You post your own Third Voice message, which is sent to the third voice servers and stored in their database, associated with the web page you’re viewing. The next Third Voice user to request the web page will receive your sticky not along with all the others.
If you don’t have the plugin, no request is made to the Third Voice servers, and nothing tells the browser to draw the page with notes attached.
That’s the Third Voice defense: nothing is actually altered on the web page. People with the plugin have a special piece of software that affects how the web page is presented in their own browser.
Of course, that’s little comfort if someone’s been leaving sticky notes on your page that read http://www.lovezoo.com, but it’s a wild, wild web.
Someone markets a TV that puts the shadows of a guy and two robots in the lower corner of your screen, and connects to a joke server via the internet. The shadows make vicious fun of whatever show or movie you are watching a la “Mystery Science Theater 3000”.
Is this significantly different from 3rd Voice? Do the makers of “Frasier” have the right to prevent people from using this TV because it makes jokes about Kelsey Grammar’s driving or tells people to change the channel and watch “Family Guy”?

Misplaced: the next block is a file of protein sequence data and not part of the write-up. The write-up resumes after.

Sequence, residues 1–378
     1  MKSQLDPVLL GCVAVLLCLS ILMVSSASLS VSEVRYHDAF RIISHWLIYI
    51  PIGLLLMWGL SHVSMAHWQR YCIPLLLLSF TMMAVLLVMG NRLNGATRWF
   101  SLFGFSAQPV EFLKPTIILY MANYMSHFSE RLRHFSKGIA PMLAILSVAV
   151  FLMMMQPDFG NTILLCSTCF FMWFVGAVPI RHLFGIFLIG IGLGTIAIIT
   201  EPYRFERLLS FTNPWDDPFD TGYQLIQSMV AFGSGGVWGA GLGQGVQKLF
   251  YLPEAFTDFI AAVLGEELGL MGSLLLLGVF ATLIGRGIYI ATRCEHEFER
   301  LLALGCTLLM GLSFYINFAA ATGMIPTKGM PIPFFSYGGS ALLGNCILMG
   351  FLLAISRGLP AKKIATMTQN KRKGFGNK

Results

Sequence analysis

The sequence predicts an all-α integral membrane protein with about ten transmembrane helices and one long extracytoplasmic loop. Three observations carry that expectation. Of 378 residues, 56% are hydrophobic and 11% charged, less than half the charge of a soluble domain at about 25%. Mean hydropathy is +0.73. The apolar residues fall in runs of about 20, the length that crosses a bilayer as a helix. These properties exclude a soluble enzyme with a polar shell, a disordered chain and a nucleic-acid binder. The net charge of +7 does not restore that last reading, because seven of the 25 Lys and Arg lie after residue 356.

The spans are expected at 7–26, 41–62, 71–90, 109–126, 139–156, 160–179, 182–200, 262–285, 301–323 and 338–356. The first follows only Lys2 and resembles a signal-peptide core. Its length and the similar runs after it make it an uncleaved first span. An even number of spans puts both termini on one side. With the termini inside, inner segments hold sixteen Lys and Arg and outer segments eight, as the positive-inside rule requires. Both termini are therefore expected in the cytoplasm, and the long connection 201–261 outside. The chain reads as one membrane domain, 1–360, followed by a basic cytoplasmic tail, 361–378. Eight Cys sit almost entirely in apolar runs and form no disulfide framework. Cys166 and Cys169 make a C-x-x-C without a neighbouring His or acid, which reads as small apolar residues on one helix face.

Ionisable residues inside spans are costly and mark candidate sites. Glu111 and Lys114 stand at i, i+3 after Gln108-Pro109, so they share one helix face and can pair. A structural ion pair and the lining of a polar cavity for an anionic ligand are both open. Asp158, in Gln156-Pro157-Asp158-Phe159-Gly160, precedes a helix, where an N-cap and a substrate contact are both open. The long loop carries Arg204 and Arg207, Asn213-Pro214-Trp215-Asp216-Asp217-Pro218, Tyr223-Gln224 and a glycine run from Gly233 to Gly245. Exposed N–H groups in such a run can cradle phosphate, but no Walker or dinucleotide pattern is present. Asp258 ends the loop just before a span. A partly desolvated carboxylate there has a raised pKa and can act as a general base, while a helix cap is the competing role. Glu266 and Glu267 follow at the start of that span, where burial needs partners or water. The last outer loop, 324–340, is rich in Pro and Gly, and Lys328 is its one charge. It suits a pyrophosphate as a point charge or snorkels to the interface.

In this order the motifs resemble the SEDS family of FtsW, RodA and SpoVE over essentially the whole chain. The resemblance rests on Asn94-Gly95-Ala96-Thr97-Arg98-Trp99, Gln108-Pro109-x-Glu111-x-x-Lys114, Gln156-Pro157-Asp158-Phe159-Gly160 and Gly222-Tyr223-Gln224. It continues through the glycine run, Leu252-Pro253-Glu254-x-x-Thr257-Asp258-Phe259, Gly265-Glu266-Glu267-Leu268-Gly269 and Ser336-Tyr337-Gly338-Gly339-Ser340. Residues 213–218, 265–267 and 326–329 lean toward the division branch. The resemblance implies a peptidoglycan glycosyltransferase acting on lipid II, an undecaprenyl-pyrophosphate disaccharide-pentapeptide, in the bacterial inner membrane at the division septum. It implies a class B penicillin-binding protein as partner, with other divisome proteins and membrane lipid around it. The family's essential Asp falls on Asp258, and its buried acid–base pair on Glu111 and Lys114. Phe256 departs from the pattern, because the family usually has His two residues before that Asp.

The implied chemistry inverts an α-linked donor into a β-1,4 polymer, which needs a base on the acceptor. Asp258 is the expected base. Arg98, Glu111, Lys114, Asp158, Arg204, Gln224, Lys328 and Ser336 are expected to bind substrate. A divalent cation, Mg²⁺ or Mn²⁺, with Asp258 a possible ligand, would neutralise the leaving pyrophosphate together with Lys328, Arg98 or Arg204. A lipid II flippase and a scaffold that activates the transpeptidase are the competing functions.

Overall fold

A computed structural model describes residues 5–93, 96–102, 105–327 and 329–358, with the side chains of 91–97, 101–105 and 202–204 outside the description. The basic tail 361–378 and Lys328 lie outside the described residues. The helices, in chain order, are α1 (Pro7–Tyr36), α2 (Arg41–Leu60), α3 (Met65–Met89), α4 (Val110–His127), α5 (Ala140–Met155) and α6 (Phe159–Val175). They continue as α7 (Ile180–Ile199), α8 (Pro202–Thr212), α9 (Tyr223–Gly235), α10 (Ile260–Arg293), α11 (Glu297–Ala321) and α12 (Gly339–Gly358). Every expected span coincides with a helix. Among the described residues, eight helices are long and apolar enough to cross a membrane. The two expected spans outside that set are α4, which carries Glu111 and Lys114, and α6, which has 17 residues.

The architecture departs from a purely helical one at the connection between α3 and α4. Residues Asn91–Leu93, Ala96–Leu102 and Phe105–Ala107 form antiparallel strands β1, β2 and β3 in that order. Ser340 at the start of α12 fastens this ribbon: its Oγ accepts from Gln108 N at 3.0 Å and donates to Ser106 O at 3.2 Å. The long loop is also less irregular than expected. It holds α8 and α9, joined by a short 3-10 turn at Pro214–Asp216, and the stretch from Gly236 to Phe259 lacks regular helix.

In my mind, the makers of Frasier telling you what TV to buy is the same as web page publishers preventing you from using Third Voice.
As long as the webmaster has the ability to go to ThirdVoice and request that notes be removed, or that the page can be placed on an ignore list, I have no problem with it. The problem isn’t just with people attaching stickynotes that say…goto www.hatemongers.com, but also with people using the notes for telling lies. How would you like it if people started posting notes on your pages, claiming that you support skinheads/worship the devil/eat children. Especially if your page is a business page. Can you see the problems a company like Proctor and Gamble would have with this? Mr. Amway buys a throwaway account, sticks a note claiming Fabreeze kills dogs onto their webpage. Not a good thing. The web is about freedom of information and flow of such, but it is also about being responsable with that freedom.
>>Being Chaotic Evil means never having to say your sorry…unless the other guy is bigger than you.<<
—The dragon observes
hrmph It appears that if you put something in www format, it automatically assumes you want a link there. Luckily, hatemongers is not a valid site, it was meant to be an example, and I would have been rather irked if that link were a valid one.
>>Being Chaotic Evil means never having to say your sorry…unless the other guy is bigger than you.<<
—The dragon observes
For your information, webmasters have been unable to get Third Voice to remove messages from their pages. Messages expire after a couple of weeks.